|Photos||Video & Audio||Blogs||Statistics||Archive||Shop||Mobile|
April 25, 2012
Mark Ramprakash, the most prolific batsman in English first-class cricket, has become the first player to crack under the pressure of playing on county pitches that are more treacherous than they have been for 25 years.
With April looking bound to become the wettest on record, and flood alerts anticipated in many regions over the next four days, the ECB's gamble on the earliest start to the Championship season has already turned sour.
Ramprakash, who at 42 is England's most experienced current player, has been penalised under the ECB disciplinary code for abusive language to the umpires Nigel Llong and Jeff Evans during Surrey's Championship match against Worcestershire at The Oval last week.
All 22 players batted on the third day, with Ramprakash getting one of the unkindest deliveries of all - a shooter from Alan Richardson which extended one of his most unsuccessful sequences in a record-breaking career. Surrey's first-innings total of 140 was their lowest at The Oval since 1999.
Ramprakash, who is now only one transgression away from an automatic suspension, has condemned the start to the Championship season as "a lottery" and described batting conditions as the most difficult since his career began in 1987 - a debut that coincided with English cricket's final move to an era of covered pitches.
"There has been extravagant movement and it has made batting at times a lottery," Ramprakash told The Daily Telegraph. "In our dressing room we are saying that conventional play is not effective and you feel like you need to chance your arm because the bowlers are so much in the ascendancy.
"It is the hardest I have found it since 1987 when I started. I think it is really tough, especially for the younger players who have worked hard all winter. It is hard and the guys don't know whether to stick or twist at the moment. You try to 'guts it out' but then you feel it is not getting any easier and you never really get in.
"The pitches are doing plenty throughout the game. It has been very difficult and it is more about trying to bat in a very aggressive way whenever possible. I don't feel that is proper batting. I feel proper batting is treating the ball on its merits."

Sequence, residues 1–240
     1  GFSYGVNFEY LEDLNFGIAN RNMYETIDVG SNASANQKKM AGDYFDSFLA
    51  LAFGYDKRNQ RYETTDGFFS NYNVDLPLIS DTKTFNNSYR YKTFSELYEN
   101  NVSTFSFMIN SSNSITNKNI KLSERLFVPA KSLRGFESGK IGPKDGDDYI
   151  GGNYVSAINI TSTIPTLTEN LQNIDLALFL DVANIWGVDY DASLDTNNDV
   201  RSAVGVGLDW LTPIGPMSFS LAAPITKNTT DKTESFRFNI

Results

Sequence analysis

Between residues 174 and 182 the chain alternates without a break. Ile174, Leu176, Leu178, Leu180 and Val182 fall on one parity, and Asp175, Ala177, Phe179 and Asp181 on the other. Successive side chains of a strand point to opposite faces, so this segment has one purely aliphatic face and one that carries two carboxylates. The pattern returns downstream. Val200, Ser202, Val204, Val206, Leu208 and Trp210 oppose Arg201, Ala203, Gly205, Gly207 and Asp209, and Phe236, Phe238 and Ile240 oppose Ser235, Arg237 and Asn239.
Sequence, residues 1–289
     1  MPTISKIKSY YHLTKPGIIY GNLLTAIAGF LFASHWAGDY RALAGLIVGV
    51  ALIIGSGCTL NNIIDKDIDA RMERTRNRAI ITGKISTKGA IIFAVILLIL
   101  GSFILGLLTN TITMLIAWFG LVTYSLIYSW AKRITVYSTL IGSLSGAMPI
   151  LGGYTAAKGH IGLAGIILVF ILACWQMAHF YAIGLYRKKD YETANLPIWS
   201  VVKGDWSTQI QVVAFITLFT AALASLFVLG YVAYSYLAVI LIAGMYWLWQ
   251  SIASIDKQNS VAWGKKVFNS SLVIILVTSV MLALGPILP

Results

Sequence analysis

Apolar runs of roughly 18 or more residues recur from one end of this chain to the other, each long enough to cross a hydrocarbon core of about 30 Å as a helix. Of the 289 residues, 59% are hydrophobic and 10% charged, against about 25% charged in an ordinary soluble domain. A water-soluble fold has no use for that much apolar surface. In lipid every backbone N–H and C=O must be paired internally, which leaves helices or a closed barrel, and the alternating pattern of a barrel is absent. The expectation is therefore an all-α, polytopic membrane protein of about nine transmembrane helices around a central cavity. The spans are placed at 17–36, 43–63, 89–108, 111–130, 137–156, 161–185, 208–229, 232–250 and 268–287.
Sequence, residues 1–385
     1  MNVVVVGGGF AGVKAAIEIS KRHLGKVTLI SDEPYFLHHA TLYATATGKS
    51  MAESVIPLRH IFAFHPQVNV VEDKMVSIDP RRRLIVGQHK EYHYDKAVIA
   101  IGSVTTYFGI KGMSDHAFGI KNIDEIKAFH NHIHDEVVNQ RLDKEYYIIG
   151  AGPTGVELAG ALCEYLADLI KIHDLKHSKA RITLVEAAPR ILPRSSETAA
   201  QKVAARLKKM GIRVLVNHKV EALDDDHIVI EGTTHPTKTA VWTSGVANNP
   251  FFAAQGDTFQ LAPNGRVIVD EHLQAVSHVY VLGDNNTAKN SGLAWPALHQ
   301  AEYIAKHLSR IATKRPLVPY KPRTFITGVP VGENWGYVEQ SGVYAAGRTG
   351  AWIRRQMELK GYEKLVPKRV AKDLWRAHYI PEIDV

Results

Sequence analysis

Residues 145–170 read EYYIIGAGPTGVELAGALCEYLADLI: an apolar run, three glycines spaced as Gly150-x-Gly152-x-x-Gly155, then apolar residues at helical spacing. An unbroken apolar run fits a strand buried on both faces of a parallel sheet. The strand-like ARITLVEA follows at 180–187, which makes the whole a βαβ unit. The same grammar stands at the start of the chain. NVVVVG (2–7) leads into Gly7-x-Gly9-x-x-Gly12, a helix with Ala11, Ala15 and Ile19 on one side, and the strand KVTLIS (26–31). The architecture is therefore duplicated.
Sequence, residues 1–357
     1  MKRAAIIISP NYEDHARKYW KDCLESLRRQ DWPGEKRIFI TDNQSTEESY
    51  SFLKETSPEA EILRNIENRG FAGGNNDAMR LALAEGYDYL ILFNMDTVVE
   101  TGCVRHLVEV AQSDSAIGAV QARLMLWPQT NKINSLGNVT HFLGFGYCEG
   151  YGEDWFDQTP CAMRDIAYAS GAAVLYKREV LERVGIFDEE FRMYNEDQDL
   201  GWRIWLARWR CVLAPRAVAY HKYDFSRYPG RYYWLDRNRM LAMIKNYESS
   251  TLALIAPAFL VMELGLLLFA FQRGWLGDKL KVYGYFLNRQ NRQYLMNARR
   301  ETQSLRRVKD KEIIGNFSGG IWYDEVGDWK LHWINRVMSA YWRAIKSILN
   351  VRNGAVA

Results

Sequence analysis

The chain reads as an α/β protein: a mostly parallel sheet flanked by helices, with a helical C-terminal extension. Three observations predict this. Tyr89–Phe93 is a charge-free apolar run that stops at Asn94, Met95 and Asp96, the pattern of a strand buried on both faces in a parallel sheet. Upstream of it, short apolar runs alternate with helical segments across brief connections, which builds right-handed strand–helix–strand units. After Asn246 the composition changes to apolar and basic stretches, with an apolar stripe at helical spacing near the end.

Groundsmen, who have been allowed minimal square preparation time in a season that began on April 5, the earliest Championship start date ever, have pronounced it virtually impossible to produce good batting pitches in cold, wet weather that makes it difficult to remove enough moisture from the pitches.
Players brought up on dry four-day pitches, and influenced by the more aggressive nature of the one-day game, have shown little appetite for the sort of dutiful, defensive innings that were a regular feature of the game in the era of uncovered pitches. England's professional game switched to covered pitches in 1980; a further experiment in 1987, Ramprakash's debut season, in which pitches were left uncovered during the hours of play, was abandoned after only one year.
Ramprakash was reported by the umpires for a level one breach of the code: using language that is obscene, offensive or insulting and/or making an obscene gesture. An ECB statement said: "As this incident follows a previous breach of the fixed penalty system within the last two years, Ramprakash has received three penalty points. This penalty will remain on his record for a period of two years and he now holds six penalty points. The accumulation of nine or more penalty points in any two-year period will result in an automatic suspension."
April is expected to be the wettest on record with some areas forecast to be hit by a month's rain over a few days as the drought that has afflicted many parts of the country breaks in spectacular fashion. The Met Office has issued several severe weather alerts, with southern England and eastern Scotland likely to be worst affected. "Strong and gusty winds and significant and heavy falls of snow on higher ground" are also predicted over the coming days.
Ramprakash, who has 114 first-class centuries, the most made by any current player, has managed only 62 runs in six innings at an average of 10.33 so far this season. He will attempt to put that right, weather permitting, against Durham at The Oval tomorrow, one of eight Championship matches scheduled. Rain is forecast in all of them with temperatures forecast to be as low as 7C.
Edited by Alan Gardner
|Comments have now been closed for this article
Kohli, Root, Smith and Williamson will take turns as the No. 1 Test batsman. So far each has shown only one technical weakness
Glenn McGrath talks about the method behind his metronomic consistency, visualisation, and why aggression isn't about sledging
Plays of the Day from the second ODI between England and India, in Cardiff
Plays of the day from the third ODI between England and India at Trent Bridge
Plays of the day from the tri-series match between Zimbabwe and South Africa
Alastair Cook needs an out-of-the-box plan that veers India from the set pieces. One of those plans could be an early Powerplay
Would he have fared better than the incumbent middle-order batsmen, Root and Ballance?
Graeme Pollock has been among the top three finest players his country ever produced; and not far off that pace in the world rankings either